Elasticity Complements Substitutes

Topics: Supply and demand, Consumer theory, Elasticity Pages: 3 (522 words) Published: May 10, 2015


Elasticity: Complements and Substitutes
D. Buress, R. Jackson, J. Jones, P. Nelson, I. Skidmore
ECO/365
February 2, 2015
R. Caratao
Elasticity: Complements and Substitutes
This week our team was tasked with discussing the concepts of complementary and substitute products and their effects on supply and demand. Most of the discussions were centered on getting a true and valid understanding of the definitions for each of these economic scenarios. Complements and Substitutes

As we looked at why some products become substitutes and why some complement each other we looked at a simple definition of the two. Simply put, complementary goods consider the use of two items, where using more of Good A requires the use of more of Good B. The team discussed the example of ink jet printers and their ink cartridges. One cannot be used without the other, therefore as the demand for one increases the demand for the other also rises. In economic terms, goods that are complementary exhibit a negative cross elasticity of demand. We also discussed how when computers become less expensive then more are purchased, thus increasing the demand for peripherals, such as mice, monitors and software. This demand for peripherals drives up their price. This is one reason why companies "commoditize" their products complements. Commoditizing of products is the act of making a process, good or service easy to obtain by making it as uniform, plentiful and affordable as possible. If a business can effectively commoditize, then the demand for their product will increase, they will in turn be able to charge more, and thus enjoy higher profits. This concept of commoditizing products is used extensively in the software industry. They are banking on the complementary goods market. In contrast to complementary goods, substitute goods, have a positive cross elasticity of demand. This means that demand for a product increases when the price for another product is increased and vice versa....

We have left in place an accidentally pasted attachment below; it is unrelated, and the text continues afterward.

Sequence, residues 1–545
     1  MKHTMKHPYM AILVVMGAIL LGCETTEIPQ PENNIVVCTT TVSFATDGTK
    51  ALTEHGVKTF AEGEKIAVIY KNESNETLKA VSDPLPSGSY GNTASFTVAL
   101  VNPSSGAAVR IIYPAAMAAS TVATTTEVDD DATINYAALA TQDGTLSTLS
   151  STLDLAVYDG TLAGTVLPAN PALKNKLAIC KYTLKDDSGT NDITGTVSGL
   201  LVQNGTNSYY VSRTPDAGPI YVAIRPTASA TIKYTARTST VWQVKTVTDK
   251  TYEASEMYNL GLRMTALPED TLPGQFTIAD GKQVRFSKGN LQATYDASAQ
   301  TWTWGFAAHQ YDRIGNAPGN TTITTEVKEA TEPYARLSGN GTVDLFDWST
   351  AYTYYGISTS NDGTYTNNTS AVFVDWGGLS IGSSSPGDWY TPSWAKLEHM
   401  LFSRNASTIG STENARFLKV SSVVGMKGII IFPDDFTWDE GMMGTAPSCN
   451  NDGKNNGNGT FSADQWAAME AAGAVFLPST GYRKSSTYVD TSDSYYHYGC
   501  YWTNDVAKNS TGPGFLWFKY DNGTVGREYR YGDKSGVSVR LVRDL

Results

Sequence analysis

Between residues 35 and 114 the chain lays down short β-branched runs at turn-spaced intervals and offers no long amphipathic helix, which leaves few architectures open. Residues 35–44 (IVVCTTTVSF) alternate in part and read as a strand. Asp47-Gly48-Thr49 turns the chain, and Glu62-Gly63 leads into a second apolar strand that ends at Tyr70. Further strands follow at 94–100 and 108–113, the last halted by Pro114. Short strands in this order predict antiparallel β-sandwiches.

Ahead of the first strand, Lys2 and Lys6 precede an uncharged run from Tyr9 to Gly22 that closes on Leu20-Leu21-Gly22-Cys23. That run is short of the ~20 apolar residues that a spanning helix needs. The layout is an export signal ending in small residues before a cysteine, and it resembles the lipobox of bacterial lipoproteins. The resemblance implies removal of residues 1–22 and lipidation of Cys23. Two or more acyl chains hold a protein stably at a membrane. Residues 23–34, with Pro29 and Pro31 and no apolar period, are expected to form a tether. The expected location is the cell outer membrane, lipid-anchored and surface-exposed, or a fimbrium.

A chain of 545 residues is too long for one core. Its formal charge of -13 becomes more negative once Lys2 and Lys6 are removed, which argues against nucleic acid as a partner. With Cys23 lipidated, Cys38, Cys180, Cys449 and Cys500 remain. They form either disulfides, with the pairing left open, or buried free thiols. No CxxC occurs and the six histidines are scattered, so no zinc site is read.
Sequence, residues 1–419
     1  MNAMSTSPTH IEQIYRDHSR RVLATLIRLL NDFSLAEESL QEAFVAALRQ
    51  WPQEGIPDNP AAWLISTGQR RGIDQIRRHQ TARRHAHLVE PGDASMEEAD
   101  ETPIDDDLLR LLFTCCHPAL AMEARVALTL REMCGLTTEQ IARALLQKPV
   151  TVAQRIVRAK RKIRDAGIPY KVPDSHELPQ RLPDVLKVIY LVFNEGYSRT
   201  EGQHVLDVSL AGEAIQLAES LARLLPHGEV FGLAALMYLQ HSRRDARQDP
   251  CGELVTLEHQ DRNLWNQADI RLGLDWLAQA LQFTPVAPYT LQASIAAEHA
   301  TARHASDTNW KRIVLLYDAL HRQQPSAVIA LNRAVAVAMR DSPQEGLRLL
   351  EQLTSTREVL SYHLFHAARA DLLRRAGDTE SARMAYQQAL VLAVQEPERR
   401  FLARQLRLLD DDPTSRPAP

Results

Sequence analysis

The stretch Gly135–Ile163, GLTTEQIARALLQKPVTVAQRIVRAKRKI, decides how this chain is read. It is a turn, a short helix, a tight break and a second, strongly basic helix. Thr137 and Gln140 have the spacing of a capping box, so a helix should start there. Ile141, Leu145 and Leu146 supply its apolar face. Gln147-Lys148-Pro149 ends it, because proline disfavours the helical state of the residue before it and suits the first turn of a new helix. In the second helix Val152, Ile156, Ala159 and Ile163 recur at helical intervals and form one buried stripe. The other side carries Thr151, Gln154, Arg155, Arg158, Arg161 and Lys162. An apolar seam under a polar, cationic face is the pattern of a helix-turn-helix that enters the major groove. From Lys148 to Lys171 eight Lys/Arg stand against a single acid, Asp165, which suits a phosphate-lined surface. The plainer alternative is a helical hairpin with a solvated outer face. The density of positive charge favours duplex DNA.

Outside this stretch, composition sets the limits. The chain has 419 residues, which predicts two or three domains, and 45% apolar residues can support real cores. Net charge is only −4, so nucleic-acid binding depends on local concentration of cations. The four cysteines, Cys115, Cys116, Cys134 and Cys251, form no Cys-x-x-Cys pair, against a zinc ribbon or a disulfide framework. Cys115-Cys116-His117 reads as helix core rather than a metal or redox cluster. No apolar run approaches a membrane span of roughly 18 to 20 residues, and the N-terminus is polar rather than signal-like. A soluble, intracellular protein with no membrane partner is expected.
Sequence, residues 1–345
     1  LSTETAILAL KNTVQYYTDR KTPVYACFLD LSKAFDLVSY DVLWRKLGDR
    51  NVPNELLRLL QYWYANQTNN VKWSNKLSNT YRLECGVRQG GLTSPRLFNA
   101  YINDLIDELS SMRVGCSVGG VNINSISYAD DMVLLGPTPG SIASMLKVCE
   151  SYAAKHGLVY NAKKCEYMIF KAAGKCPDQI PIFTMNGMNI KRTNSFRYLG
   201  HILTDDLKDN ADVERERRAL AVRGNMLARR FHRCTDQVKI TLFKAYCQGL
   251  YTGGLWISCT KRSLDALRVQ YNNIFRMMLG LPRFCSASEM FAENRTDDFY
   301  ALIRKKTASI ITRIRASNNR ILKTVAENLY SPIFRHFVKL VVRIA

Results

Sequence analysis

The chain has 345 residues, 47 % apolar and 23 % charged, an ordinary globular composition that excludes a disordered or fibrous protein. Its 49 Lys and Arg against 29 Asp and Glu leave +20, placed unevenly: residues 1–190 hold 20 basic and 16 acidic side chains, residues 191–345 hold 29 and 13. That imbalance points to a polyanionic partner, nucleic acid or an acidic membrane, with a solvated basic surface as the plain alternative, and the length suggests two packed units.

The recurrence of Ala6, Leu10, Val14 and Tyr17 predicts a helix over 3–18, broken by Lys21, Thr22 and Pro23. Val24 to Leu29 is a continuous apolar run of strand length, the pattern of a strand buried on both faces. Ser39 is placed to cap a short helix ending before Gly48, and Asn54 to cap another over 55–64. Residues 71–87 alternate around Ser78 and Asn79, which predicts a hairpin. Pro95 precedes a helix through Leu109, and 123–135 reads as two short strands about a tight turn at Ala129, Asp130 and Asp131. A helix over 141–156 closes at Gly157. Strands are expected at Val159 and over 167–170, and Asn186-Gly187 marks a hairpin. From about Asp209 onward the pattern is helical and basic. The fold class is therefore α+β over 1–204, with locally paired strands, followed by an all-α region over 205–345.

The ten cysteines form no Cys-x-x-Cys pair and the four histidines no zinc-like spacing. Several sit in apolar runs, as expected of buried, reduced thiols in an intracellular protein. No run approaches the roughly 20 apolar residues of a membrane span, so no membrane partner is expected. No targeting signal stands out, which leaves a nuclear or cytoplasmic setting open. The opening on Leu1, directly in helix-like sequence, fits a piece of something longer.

Bibliography: Colander, D. C. (2013) Microeconomics (9th ed.) New York, NY McGraw-Hill Irwin
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